James Baillie reflects on 12 years of Luxury Lodges of Australia, the loss of Southern Ocean Lodge, optimism and opportunities on the horizon.
WORDS KENDALL HILL
IT'S HARD TO BELIEVE NOW BUT...
12 years ago, when the country’s leading properties banded together to form Luxury Lodges of Australia (LLoA), our sunburnt land wasn’t seen as a particularly sophisticated destination.
James Baillie has been at the forefront of Australia's experiential luxury transformation.
This was, after all, when the nation’s tourism slogan was, “So where the bloody hell are ya?”
In that context, selling their new breed of sophisticated stays to the world presented a challenge. But the toughest audience turned out to be on home soil.
James Baillie, the visionary hotelier who has chaired Luxury Lodges of Australia since its inception in 2010, recalls the trouble he had convincing Tourism Australia that such prestigious addresses as Southern Ocean Lodge and Saffire Freycinet were, in fact, luxurious and worthy of global attention.
“The biggest and most defining one, was one of the first meetings we had with the team at Tourism Australia. What we didn’t realise was that their perception of our product was that it wasn’t necessarily luxury.”
Experiential travel itself is now really respected and acknowledged as luxury, we’ve seen that less can be more.
— JAMES BAILLIE
Saffire Freycinet, Australian experiential luxury, emerges.
CLICK TO WATCH THE CONVERSATION WITH JAMES BAILLIE
Arkaba, Ikara-Flinders Ranges.
True North Adventures.
El Questro Homestead, The Kimberley.
Back then neither Tourism Australia nor the travel industry at large really recognised the growing potential of luxury experiential travel. More than a decade later, privileged access to rare destinations is the most covetable form of luxury money can buy. “There were so many hurdles,” he says of those early days.
“That’s how we’ve come of age,” Baillie says. “Experiential travel itself is now really respected and acknowledged as luxury, we’ve seen that less can be more.”
After a reign that repositioned lodge members at the pinnacle of Australian tourism, Ballie is set to step down as chair in January 2022. From a founding group of 11 lodge owners, LLoA represents 19 members today.
“We’re really what we set out to be, which is the reference point of experiential luxury in Australia,” Baillie says now.
“Showcasing the amazing landscapes, the incredible experiences, the great food and wine … and packaging them up in this unique Australian formula.”
After three decades in the industry, including a stint as General Manager at Silky Oaks Lodge in the 1990s, Baillie is uniquely placed to ponder how high-end travel has changed. “It was once gold taps and pink marble, and ‘Yes sir, no sir’, and very formal. Quite staid in many ways,” he says.
But more recently the concept of indulgence has shifted. Design, for example, should reflect a vivid sense of place rather than trying to copy elsewhere. Aesthetic is pared back and the focus becomes the surroundings – nowhere more so than at Longitude 131° with its Uluru views and Bamurru Plains on the crocodile-rich Mary River floodplain.
His own property portfolio Baillie Lodges, which he and wife Hayley created in 2003, is in expansion mode after partnering recently with private equity firm KSL Capital.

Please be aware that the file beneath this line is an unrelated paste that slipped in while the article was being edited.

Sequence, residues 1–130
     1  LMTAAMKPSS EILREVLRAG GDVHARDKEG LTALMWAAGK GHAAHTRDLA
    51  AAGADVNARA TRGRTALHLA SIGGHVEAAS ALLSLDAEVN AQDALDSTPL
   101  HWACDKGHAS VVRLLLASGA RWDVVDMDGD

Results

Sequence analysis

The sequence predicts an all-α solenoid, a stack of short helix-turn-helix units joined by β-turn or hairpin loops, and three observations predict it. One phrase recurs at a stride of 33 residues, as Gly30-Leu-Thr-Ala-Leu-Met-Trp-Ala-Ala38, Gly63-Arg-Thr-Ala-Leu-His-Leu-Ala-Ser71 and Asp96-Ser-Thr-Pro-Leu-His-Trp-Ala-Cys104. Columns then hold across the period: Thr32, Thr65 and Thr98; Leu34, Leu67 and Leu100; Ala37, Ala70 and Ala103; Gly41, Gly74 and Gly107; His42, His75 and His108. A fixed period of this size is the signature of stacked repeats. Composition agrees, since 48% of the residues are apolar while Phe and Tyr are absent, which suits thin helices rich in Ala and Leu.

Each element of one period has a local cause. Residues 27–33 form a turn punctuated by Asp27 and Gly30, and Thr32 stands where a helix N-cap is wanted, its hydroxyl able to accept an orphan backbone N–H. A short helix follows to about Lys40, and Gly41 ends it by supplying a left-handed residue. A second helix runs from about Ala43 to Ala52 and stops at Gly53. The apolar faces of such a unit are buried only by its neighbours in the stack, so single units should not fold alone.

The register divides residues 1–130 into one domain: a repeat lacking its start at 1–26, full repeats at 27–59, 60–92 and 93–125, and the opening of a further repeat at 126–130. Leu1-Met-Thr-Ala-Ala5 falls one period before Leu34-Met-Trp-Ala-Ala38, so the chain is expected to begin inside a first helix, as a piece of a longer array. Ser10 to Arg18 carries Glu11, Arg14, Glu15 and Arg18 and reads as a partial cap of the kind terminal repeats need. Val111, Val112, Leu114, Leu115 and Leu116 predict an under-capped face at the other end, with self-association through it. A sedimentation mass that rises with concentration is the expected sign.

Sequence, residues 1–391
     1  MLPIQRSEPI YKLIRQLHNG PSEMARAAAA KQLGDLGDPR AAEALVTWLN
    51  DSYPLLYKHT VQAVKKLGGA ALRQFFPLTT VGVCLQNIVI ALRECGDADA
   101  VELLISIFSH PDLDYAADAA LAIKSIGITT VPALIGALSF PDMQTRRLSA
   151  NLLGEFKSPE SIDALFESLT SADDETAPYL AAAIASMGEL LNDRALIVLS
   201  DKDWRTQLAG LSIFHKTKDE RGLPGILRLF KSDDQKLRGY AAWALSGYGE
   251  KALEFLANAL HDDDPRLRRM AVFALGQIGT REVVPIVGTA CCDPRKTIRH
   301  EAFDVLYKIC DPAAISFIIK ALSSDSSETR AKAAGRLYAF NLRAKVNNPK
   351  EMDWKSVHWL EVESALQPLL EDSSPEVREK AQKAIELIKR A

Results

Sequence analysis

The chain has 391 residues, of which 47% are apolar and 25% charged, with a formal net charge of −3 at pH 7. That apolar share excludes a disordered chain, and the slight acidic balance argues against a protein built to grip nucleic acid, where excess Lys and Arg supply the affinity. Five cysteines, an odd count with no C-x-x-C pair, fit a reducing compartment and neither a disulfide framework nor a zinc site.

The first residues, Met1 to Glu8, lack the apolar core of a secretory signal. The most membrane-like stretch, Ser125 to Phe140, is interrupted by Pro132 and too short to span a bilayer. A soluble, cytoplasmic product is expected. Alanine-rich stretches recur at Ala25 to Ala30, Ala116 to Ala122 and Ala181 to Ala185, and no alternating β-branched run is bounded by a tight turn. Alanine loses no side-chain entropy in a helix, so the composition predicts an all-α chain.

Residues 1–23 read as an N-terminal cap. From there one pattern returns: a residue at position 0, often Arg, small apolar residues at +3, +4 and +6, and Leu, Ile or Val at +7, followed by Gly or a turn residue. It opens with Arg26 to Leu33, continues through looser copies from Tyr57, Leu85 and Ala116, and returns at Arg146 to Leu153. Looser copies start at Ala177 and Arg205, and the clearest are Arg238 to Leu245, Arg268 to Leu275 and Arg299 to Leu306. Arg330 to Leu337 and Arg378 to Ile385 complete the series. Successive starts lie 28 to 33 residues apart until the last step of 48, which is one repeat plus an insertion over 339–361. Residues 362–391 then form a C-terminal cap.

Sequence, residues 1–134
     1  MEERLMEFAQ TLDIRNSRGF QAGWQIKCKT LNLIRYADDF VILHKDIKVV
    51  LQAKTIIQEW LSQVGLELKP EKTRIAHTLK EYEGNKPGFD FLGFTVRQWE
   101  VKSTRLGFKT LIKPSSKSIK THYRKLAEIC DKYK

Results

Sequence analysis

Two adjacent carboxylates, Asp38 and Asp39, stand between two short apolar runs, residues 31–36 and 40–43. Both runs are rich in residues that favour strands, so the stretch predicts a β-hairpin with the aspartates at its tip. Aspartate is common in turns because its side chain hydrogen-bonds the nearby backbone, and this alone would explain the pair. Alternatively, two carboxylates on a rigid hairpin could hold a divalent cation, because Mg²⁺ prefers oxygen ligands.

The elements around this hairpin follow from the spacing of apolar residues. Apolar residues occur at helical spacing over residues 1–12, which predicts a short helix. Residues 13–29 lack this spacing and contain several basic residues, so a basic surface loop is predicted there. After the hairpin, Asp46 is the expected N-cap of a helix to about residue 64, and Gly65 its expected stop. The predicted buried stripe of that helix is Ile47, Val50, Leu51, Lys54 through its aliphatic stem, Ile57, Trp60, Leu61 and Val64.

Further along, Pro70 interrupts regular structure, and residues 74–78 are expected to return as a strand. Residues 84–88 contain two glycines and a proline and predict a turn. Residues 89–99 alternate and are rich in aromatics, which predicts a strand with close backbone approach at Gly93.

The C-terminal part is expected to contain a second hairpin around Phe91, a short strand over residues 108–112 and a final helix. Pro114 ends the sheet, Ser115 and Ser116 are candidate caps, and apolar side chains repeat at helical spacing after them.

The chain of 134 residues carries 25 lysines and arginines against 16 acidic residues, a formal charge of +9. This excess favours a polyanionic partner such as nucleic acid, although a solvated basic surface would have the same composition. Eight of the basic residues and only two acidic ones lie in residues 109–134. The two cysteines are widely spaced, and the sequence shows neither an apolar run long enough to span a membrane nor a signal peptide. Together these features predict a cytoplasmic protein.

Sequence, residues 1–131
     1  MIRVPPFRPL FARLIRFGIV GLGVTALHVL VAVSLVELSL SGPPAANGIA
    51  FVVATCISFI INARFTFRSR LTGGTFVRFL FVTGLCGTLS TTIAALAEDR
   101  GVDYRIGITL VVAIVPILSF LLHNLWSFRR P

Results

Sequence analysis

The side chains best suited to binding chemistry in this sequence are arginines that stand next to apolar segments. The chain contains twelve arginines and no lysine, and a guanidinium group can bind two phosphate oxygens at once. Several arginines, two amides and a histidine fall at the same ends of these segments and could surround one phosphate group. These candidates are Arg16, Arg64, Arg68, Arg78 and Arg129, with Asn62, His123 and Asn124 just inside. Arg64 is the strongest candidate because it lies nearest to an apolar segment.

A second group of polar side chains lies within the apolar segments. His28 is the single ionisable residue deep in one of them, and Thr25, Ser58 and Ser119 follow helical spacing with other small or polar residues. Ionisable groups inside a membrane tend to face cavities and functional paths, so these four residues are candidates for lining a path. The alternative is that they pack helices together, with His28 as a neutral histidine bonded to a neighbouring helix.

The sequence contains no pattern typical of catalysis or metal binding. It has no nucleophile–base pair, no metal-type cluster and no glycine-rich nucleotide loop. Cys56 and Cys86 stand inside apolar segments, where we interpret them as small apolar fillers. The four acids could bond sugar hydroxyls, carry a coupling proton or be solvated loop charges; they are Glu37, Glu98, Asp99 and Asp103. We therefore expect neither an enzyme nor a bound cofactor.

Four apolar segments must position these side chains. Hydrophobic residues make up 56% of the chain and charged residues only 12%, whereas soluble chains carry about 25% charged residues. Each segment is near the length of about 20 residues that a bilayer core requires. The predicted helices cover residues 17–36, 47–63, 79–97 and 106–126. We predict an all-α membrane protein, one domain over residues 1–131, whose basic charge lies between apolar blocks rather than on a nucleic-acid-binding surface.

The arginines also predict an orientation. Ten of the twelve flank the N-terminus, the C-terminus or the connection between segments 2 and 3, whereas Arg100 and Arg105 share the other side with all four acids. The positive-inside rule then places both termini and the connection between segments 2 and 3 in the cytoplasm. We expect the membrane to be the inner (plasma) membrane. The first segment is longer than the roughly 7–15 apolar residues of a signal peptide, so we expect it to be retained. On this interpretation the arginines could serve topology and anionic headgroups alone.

Bamurru Plains, Mary River floodplain.
Capella Lodge, Lord Howe Island.
In addition to Longitude 131° at Uluru in the Red Centre and Capella Lodge on Lord Howe Island, they’ve recently acquired Silky Oaks Lodge in The Daintree, The Louise in the Barossa Valley and Huka Lodge in New Zealand, the antipodean prototype for lodge-based indulgence.
“For us it’s always about doing things differently. Not being a homogenous hotel product,” Baillie says of his and Hayley’s success. “I’m often asked what has set us apart and I always say three things: detail, detail and more bloody detail.”
Baillie Lodges and Luxury Lodges of Australia have been a natural fit because all have been “leading pioneers” in the industry.
“And that is in no way being arrogant,” he adds. “I think it’s been an incredible privilege for us to have had that opportunity to be able to create an incredible product and lead what has become much more than a niche in Australian tourism.
“In many ways we’re now the poster-child for a lot of the international markets.”
For us it’s always about doing things differently. Not being a homogenous hotel product.
— JAMES BAILLIE
Longitude 131°, Uluru, reimagined by Baillie Lodges.
SOUTHERN OCEAN LODGE: MARK II
Baillie’s proudest career moment was in 2008 when he and Hayley opened the doors to Southern Ocean Lodge. Almost overnight it signalled Australia’s arrival on the world stage of wonderfully indulgent adventures.
The Baillies are rebuilding and come mid-2023, something even more remarkable will rise in its place. The revamped Southern Ocean Lodge will feature a new Ocean Pavilion with four bedrooms and “a couple of swimming pools,” as well as “a few extra rooms, not too many”, a horizon pool and an expanded spa.
It will also honour the old. The Great Room, the breathtaking focal point of the original lodge, will be rebuilt faithfully – right down to the centrepiece hanging fireplace (which, being a fireplace, survived the inferno).
“I can’t wait for opening day to see people’s faces,” Baillie laughs, whereas the rest of Australia can’t wait to see the lodge.
The original Southern Ocean Lodge, Kangaroo Island.